While technology based innovation in healthcare is not new, the growing diversity of US (and Global) populations combined with the significant lack of diversity in the tech sector, represent both a problem with potentially far reaching consequences and an opportunity with transformative potential.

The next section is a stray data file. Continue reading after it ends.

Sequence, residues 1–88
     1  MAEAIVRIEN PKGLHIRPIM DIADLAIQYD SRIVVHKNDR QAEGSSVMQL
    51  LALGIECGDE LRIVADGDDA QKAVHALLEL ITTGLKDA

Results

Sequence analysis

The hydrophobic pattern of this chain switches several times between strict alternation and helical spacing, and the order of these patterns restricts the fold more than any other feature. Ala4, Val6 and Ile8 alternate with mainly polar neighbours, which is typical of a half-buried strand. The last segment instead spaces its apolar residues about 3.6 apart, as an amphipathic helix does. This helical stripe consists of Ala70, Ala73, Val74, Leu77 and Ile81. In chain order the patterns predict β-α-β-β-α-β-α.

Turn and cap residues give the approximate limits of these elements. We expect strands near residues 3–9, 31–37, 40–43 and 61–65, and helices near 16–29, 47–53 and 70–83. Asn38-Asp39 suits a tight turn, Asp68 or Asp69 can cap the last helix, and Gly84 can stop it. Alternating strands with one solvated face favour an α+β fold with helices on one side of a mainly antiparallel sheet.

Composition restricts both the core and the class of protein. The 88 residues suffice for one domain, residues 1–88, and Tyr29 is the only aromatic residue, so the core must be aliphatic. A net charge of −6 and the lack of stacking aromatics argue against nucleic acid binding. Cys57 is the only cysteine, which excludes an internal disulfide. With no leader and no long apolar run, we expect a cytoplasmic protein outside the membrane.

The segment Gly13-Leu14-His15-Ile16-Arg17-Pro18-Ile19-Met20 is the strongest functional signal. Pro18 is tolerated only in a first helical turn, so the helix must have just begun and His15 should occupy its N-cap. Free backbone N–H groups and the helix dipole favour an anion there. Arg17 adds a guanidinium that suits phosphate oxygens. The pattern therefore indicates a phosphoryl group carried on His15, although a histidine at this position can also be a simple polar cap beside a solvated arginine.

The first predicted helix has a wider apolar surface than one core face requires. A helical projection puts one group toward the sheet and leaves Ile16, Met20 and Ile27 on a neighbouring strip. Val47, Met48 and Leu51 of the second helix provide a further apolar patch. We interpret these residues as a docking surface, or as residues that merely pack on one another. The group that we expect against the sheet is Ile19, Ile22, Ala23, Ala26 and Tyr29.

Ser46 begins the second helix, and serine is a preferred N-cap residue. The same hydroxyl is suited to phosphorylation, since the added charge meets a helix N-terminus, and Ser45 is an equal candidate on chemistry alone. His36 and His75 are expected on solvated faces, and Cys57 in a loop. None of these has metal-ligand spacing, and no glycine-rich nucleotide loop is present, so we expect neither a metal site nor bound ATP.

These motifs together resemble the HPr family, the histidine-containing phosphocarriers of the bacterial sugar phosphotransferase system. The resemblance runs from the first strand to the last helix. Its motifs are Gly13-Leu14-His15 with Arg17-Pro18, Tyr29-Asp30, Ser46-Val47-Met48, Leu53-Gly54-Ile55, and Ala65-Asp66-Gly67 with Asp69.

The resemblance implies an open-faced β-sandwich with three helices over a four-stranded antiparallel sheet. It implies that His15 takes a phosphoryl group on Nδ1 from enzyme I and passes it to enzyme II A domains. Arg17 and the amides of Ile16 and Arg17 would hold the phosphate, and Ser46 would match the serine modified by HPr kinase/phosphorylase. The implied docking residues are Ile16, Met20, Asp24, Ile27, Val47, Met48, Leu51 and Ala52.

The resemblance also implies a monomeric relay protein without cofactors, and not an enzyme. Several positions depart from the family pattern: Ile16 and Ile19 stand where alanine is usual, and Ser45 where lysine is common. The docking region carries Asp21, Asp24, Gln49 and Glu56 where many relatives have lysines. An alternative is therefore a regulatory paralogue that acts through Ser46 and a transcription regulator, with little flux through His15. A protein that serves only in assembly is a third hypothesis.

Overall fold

One critical key to improving health in America, is to provide consumers with much better “user experiences” in healthcare. It does not matter whether healthcare happens in hospitals and is provided by professionals or at home and is provided by parents, loved ones or other caregivers, the experiences of patients and consumers who are struggling with health concerns can and should be significantly improved. “Who continues to engage in activities that are unappealing, boring and inconvenient”, they ask. “In our current system, you only need a hospital when you hurt or there is a problem”. “When you go there, they are cold places where doctors always wear white coats, there are long waiting periods, odd odors and yet the healthcare system want us to get more engaged?!” While there are some good reasons for the way things are currently being done in the healthcare system, there is much room for improvement.